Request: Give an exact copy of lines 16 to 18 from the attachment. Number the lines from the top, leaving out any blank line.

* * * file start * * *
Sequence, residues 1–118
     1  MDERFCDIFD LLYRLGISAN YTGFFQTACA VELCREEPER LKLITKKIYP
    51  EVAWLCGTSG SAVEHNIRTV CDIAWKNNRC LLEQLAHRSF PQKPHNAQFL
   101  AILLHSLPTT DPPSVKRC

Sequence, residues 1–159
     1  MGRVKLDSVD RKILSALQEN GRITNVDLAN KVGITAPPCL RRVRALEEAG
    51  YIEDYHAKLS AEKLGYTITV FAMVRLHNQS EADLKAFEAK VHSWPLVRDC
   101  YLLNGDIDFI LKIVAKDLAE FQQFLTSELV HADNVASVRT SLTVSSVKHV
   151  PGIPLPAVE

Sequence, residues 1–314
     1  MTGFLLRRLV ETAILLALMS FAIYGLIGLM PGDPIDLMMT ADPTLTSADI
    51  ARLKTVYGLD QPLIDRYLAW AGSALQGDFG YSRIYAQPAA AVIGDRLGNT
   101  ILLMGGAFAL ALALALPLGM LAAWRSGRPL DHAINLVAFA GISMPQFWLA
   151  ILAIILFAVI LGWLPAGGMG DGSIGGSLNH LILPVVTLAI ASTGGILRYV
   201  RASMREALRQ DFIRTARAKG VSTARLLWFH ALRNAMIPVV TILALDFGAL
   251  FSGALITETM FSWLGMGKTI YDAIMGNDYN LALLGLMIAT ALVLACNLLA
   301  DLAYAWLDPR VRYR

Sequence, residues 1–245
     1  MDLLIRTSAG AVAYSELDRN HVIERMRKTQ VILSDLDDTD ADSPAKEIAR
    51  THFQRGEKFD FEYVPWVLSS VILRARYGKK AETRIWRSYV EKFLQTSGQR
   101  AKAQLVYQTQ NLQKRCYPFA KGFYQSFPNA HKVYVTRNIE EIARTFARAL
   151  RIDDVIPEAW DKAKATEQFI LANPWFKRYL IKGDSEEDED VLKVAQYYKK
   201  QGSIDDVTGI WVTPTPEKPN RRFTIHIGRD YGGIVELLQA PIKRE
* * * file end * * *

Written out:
   251  FSGALITETM FSWLGMGKTI YDAIMGNDYN LALLGLMIAT ALVLACNLLA
   301  DLAYAWLDPR VRYR

Sequence, residues 1–245